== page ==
March 15, 2012 at 4:44 PM ET
We bet you can guess what the new documentary, "Bully," is about. We also bet you can guess who its target audience is. But, can you guess why many of those audience members may not be able to see it? If you guessed because it's rated R, then you were right. According to the Huffington Post, the documentary focuses on bullying in America's schools and is geared towards a teenage audience. However, because of potty-mouth language, the Motion Picture Association of America gave it an R rating, which prohibits kids under 17 from seeing it without an adult. That restrictive rating has been getting a lot of criticism from a lot of people. Many would like to see it reduced to a PG-13, so that the intended message can reach the intended audience. A Michigan teenager started an online petition to change the rating, and has collected 300,000 signatures, including a senator and the chief of AMC Theaters. Now, celebrities, including Johnny Depp, Meryl Streep and Drew Brees are joining the cause. Do you think the MPAA should overlook the bad language and lower the rating so that an otherwise important message can get out?
All the cool girls are lesbians shirt sparks debate
One high school thought it was pretty uncool for a female student to wear a shirt proclaiming "all the cool girls are lesbians." In fact, they thought it was so uncool that when a teacher spotted her wearing it in the lunchroom, the girl was sent to the vice principal, who told her to cover it up and never wear it to school again. The Daily Item of Lynn, MA reports that the VP told her it was "political" and "offensive to some people." The girl complied but sent a letter of protest to the town's mayor and School Committee Chairman. A staff attorney for the ACLU has spoken out in protest of the incident. She believes that, first amendment protection aside, Massachusetts has strong laws protecting the rights of students' self-expression. However, the school's principal defends the vice principal's decision saying that the school's policy prohibits anything that is deemed disruptive and a shirt proclaiming that all the cool girls are lesbians, could be disruptive.
Little League takes a pass on strip club's offer to sponsor their season
They may not be the proverbial hookers with hearts of gold, but they are strippers with a generous side. When a Little League in California fell on hard times and faced the risk of not being able to afford the season, a strip club offered up $1,200 to keep the boys on the field (no, the donation wasn't a huge wad of $1's, it was a real check...). According to KTLA, the league was initially thrilled to accept the kind donation but then found out who it was from. Although some parents were supportive of accepting money from the strip club, which describes itself as being community and family-oriented, others, including the league's president, were not. The league is strapped for cash this season after the local school district doubled the field rental fees and stopped letting the kids sell hot dogs at games as fund raisers. For now, the little ball players are planning to reach out to other local businesses in hopes of getting an equally kind, but more fully-clothed donation.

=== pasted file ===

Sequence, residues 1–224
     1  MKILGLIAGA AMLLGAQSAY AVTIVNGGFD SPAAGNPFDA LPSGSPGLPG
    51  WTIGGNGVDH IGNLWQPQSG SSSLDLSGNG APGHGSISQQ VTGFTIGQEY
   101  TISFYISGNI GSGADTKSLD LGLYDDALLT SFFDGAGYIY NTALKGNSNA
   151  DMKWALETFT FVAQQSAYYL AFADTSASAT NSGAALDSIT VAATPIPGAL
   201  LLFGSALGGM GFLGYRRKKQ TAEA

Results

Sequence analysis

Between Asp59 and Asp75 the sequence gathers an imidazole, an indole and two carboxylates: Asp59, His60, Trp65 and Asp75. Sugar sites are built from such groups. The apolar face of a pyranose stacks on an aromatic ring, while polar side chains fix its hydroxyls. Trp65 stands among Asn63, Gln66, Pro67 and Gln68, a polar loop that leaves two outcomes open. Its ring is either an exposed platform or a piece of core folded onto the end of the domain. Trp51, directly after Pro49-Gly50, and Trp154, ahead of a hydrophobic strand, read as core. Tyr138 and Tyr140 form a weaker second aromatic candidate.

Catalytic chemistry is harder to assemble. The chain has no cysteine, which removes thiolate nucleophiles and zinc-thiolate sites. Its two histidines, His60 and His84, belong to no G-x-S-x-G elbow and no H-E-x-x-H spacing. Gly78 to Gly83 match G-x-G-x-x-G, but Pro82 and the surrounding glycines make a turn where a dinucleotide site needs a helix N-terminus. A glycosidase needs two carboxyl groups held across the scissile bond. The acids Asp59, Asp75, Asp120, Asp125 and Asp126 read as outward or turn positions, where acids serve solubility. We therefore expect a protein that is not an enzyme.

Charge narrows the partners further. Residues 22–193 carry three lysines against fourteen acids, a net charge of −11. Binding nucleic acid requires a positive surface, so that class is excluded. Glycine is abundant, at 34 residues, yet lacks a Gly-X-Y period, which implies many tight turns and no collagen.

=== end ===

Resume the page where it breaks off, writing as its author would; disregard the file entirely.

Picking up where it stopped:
John Ramsey, father of the original toddler in a tiara speaks out
For many of us, the first toddler in a tiara that we ever heard about, was JonBenet Ramsey. America was introduced to and shocked by, the world of kiddie beauty pageants, after the darling little girl was found murdered in her home in 1996. Now her father's back in the spotlight after writing a book and is calling the show, Toddlers in Tiaras, bizarre and disturbing. In an interview with Good Morning America, he says that JonBenet and his wife, Patsy, didn't approach pageants that way -- for them, it was just for fun. He now regrets having let his little girl compete in pageants, wondering if their participation drew attention to their family and their little girl. He says that, back then, he and his wife were naive and today he believes that parents shouldn't put their children on public display.
Is it offensive to call desserts slutty?
Everyone's talking about sluts these days. If Rush Limbaugh's not calling law students sluts, Jessica Simpson's talking about her love of "slutty brownies." The Rush Limbaugh remark caused a national outrage and led to discussions about using the word slut and slut-shaming in general. Now, a pregnant Jessica told Jay Leno that she's been craving the terribly-named, yummy goodness, made of cookie dough, Oreo cookies and brownie mix lately. When Leno asked her why the dessert got that name, she replied, “I guess a lot goes into it.” Jessica didn't name these brownies herself, there are several versions of "slutty brownie" recipes available online. While many may have thought it was a fairly benign, or even humorous comment, others find cause for concern. One writer at Mommyish worries that laughing off words like slut and whore make it easy for people to call women and their daughters those words in more hurtful, decidedly unfunny ways. Do you think using the word slutty in a recipe name is offensive or are you so busy craving those things now that you've already forgotten what the debate's all about?
Dana Macario is a TODAY Moms contributor and Seattle mom to two sleep-depriving toddlers. Once properly caffeinated, she also blogs at www.18years2life.com.